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Quantifying the Northward Spread of Ticks (Ixodida) as Climate Warms in Northern Russia

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Title: Quantifying the Northward Spread of Ticks (Ixodida) as Climate Warms in Northern Russia
Authors: Vladimirov, Leonid N. Browse this author
Machakhtyrov, Grigory N. Browse this author
Machakhtyrova, Varvara A. Browse this author
Louw, Albertus S. Browse this author
Sahu, Netrananda Browse this author
Yunus, Ali P. Browse this author
Avtar, Ram Browse this author →KAKEN DB
Keywords: Republic of Sakha
vector-borne disease
Arctic North
tick bite
human health
climate change
Issue Date: Feb-2021
Publisher: MDPI
Journal Title: Atmosphere
Volume: 12
Issue: 2
Start Page: 233
Publisher DOI: 10.3390/atmos12020233
Abstract: Climate change is affecting human health worldwide. In particular, changes to local and global climate parameters influence vector and water-borne diseases like malaria, dengue fever, and tick-borne encephalitis. The Republic of Sakha in northern Russia is no exception. Long-term trends of increasing annual temperatures and thawing permafrost have corresponded with the northward range expansion of tick-species in the Republic. Indigenous communities living in these remote areas may be severely affected by human and livestock diseases introduced by disease vectors like ticks. To better understand the risk of vector-borne diseases in Sakha, we aimed to describe the increase and spatial spread of tick-bite cases in the Republic. Between 2000 and 2018, the frequency of tick bite cases increased 40-fold. At the start of the period, only isolated cases were reported in southern districts, but by 2018, tick bites had been reported in 21 districts in the Republic. This trend coincides with a noticeable increase in the average annual temperature in the region since the 2000s by an average of 1 degrees C. Maps illustrate the northward spread of tick-bite cases. A negative binomial regression model was used to correlate the increase in cases with a number of climate parameters. Tick bite case frequency per district was significantly explained by average annual temperature, average temperature in the coldest month of the year, the observation year, as well as Selyaninov's hydrothermal coefficient. These findings contribute to the growing literature that describe the relationship between tick abundance and spread in Northern Latitudes and changes in temperatures and moisture. Future studies might use these and similar results to map and identify areas at risk of infestation by ticks, as climates continue to change in Sakha.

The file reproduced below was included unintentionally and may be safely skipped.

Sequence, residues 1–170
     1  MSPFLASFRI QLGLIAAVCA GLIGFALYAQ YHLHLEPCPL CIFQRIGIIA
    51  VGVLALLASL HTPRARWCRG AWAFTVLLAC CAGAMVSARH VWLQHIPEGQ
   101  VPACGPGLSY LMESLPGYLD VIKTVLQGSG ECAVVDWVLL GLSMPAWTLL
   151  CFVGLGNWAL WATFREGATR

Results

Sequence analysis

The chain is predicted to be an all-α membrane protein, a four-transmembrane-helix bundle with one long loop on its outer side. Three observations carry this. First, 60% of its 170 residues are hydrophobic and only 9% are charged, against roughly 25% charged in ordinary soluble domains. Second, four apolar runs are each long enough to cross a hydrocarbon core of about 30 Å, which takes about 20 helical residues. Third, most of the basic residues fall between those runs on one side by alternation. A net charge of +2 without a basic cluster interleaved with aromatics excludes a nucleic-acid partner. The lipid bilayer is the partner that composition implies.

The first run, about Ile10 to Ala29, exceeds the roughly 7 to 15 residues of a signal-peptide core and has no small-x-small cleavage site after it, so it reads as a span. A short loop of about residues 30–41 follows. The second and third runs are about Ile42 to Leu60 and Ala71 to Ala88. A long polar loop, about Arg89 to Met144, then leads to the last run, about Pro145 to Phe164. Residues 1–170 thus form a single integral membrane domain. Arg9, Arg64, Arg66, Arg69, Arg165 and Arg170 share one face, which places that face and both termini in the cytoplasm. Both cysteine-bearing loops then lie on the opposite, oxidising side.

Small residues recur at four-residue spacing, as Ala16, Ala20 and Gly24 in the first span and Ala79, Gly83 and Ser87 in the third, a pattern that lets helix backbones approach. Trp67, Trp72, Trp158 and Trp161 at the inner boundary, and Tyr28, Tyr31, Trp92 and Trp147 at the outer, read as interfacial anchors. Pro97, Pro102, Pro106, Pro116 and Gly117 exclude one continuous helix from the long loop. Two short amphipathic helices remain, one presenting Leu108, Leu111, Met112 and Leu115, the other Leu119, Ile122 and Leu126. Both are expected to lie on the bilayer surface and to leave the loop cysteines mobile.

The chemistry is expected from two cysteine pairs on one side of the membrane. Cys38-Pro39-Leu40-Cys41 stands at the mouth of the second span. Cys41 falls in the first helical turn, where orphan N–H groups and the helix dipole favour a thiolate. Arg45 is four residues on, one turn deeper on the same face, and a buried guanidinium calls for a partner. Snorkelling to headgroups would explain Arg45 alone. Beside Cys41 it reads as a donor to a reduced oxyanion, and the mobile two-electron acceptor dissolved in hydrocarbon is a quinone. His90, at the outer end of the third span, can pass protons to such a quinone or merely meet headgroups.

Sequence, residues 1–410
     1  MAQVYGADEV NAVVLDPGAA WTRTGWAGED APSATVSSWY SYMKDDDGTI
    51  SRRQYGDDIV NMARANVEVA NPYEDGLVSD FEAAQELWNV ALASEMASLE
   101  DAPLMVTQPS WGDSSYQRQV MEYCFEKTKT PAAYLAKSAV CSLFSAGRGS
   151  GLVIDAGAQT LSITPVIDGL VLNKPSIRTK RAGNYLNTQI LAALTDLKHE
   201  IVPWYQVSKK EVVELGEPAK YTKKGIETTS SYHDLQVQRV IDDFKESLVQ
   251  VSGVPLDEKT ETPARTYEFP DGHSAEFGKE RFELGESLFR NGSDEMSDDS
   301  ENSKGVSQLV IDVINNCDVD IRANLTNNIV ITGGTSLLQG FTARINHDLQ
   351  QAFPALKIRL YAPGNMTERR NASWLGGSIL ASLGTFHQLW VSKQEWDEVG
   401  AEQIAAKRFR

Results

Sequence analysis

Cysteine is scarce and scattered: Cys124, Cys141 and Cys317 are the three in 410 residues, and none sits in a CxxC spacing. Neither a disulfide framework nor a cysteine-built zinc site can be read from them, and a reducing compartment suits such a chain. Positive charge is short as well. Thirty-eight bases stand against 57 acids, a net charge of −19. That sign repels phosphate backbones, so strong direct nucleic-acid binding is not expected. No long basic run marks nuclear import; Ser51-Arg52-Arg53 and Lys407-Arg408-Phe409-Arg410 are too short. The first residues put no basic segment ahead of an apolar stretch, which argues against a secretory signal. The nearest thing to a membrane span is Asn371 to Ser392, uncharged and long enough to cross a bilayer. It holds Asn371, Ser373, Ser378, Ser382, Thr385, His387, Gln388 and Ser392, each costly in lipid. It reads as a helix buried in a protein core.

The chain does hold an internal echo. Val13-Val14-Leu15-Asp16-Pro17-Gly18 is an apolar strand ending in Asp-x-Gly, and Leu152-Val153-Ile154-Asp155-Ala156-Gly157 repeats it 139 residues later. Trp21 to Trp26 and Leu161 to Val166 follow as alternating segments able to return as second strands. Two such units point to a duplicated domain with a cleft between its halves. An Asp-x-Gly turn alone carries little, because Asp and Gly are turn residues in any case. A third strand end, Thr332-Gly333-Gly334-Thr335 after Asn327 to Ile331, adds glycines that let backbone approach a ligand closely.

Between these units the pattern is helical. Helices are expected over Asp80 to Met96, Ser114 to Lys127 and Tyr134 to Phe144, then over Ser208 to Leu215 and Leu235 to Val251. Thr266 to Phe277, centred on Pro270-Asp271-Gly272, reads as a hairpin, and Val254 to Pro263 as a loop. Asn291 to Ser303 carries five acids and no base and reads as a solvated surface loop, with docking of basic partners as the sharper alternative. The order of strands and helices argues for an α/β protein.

Type: article
Appears in Collections:環境科学院・地球環境科学研究院 (Graduate School of Environmental Science / Faculty of Environmental Earth Science) > 雑誌発表論文等 (Peer-reviewed Journal Articles, etc)

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